I agree with this diagnosis in part. Social pathology is to blame for the itchy trigger finger. (The lack of gun control supplies the gun for the finger.) But the pathology I have in mind has other shades to it. There is here, a masculinity that is reared on violence, on an understanding of itself that is dangerously limiting and limited, and which is always fearful of failure in the sexual dimension. The kinds of men this masculinity produces are all too often, angry, lonely, misogynistic, resentful, and scared.  In the pathology I have in mind, these men see themselves as mere atoms in a sea of other human atoms; they are told, relentlessly, that they must be ‘heroic individuals’ and ‘self-made men’; they are instructed that to take help–or give it–is a sign of weakness; it is not in keeping with the ‘frontier spirit’ which made this nation. Militaristic images surround them; soldiers–men with guns–are heroes; war, just another contact sport, is a testing ground for manhood; combat still a rite of initiation;  violence is pornographic. Their imagination finds ample inspiration in this imagery.  They experience an acute dissonance; this world provides as much evidence for its most sympathetic understandings as it does for its cruelest. They still crave the gentlest of human sentiments, but they know that to manifest this need will be considered evidence of failure as a man.

They have failed; they are strangers in a strange land. They have no more need of it, and those who live in it. They won’t go quietly; they’ll let everyone know how this world failed them. Because it made them feel like failures. And kept guns handy for them.

Note: On re-reading some of my older posts on ‘gun control’ I realize I’m reiterating themes I have touched on before. So be it. These shootings repeat themselves too.

A Couple of Reflections Prompted by Sandy Hook

Yesterday, on Facebook, I reposted a link to a post I had written here in response to the Aurora shootings in July. You could change the title of the post slightly to reference ‘Sandy Hook’ rather than ‘Aurora’ and nothing else would need changing. This morning, still clearly unable to write anything coherent in response, I posted the following three messages on my Twitter feed and Facebook page:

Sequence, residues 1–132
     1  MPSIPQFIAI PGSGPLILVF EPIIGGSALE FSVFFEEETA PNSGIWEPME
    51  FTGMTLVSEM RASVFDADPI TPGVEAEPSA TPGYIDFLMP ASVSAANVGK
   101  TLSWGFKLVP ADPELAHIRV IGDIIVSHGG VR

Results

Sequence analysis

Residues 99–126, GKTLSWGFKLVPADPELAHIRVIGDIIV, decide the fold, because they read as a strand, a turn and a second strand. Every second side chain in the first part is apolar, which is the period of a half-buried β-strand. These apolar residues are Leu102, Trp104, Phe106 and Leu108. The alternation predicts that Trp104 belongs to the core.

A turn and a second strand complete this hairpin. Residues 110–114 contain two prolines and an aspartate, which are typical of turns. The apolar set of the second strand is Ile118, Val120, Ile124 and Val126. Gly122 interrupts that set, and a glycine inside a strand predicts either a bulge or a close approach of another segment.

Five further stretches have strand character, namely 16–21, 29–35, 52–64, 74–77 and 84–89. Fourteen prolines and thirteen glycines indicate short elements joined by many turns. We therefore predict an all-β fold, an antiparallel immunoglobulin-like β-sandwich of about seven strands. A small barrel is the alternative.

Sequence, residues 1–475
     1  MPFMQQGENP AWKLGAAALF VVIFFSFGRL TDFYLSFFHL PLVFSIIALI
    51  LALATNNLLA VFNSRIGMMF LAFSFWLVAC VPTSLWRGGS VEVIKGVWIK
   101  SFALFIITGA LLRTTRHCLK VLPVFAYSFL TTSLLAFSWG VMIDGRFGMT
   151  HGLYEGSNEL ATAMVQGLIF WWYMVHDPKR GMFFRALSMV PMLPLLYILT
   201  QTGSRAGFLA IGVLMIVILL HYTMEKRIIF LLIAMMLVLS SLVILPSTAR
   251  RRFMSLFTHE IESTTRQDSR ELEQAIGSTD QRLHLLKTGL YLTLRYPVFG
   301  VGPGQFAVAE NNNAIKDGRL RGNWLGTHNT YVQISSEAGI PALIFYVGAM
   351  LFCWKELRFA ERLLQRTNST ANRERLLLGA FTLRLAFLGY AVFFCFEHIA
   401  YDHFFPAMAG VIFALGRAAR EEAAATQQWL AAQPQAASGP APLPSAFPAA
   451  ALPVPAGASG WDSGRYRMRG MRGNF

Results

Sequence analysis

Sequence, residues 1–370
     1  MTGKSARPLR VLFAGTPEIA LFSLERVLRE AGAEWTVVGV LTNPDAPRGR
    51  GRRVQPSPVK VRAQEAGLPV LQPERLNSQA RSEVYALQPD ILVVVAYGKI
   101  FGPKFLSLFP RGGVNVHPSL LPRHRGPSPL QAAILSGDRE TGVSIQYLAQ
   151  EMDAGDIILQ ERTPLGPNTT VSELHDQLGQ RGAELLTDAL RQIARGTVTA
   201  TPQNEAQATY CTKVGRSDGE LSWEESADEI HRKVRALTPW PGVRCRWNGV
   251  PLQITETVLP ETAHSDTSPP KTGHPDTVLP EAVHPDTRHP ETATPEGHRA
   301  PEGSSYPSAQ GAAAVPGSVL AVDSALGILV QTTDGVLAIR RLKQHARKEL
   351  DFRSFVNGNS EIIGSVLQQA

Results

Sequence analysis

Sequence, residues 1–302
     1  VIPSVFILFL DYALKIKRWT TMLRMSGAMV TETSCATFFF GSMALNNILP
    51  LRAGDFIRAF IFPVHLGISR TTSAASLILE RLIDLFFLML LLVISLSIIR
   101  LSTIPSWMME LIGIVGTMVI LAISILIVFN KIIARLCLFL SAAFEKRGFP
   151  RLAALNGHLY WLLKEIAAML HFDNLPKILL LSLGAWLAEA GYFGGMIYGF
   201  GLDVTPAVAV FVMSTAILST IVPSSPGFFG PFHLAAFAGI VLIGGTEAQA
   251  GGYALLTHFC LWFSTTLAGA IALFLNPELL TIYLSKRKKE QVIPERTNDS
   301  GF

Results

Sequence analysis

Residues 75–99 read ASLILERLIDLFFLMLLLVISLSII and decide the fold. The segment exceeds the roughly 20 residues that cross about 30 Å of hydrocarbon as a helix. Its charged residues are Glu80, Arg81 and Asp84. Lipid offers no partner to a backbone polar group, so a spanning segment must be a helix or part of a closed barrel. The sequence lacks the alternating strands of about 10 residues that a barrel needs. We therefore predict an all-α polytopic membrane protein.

Guns don’t come up with half-assed arguments against gun control. People do.

Guns aren’t scared of the NRA. People are.

Guns don’t say after every tragedy: “Lets mourn, no time to talk politics’. People do.

You get the picture; I’m still not capable of making a reasoned contribution to the ‘national debate’ on gun-related violence.

But I do want to make a couple of points about the nature of the ‘debate’, such as it is.

The first is prompted by the third quip above. For an outstanding feature of the political response to the sickeningly common and soon-to-be-mundane massacres is the loudly broadcasted call to immediately seek refuge in bromides and palliatives: the usual mix of mourning, counseling, holding hands, which is supposed to bridge political divides, apply ‘healing balms’ and bring peace to all us traumatized folks. There is never, ever, seemingly any desire evinced by our political classes to prevent the recurrence of the massacres, for they are, as noted before, inevitable. This call is then faithfully parroted by the media (always at its ghoulish worst in its coverage of these kinds of tragedies). This is what I’d much rather see the next time: ditch the candlelight vigil and tell your local politician, congressman, senator, or anyone else that matters that they don’t get your vote unless they start a ‘national conversation’ about guns. Or something else. (The broad similarity of this call to the calls that electoral disputes be settled quickly so that the nation’s citizens don’t get embroiled in something as messy as a politically tinged dispute, one that might produce a little heat and light, is unmistakable and not coincidental. As always, the most important thing is to keep citizens numb, not provoked. God forbid that a difficult issue be aired in all its complexity and that the inevitable disputes it provokes be allowed to get a decent hearing.)

The second is prompted by noticing how mental health is sought as an obfuscatory factor in this debate.  That is, a familiar slogan soon starts making the rounds in two variants: one, ‘this is a mental health issue, not a gun issue’ and second ‘people will find a way to kill people, so banning a particular weapon is unlikely to bring these massacres to a halt.’   These are particularly egregious; they amount, roughly, to saying that no actions need be taken that might make it more difficult for mentally deranged people to go on brutally effective and successful killing sprees. We can control the damage done by the insane by treating them and by making sure they cannot lay their hands on dangerous weapons. The two are not mutually exclusive.

It is truly amazing that a nation, so willing to put up with the evisceration of its civil liberties in order to guard against shadowy, poorly understood threats from elsewhere, is unwilling to countenance the most minor of inconveniences in order to guard against a clearly visible threat from within.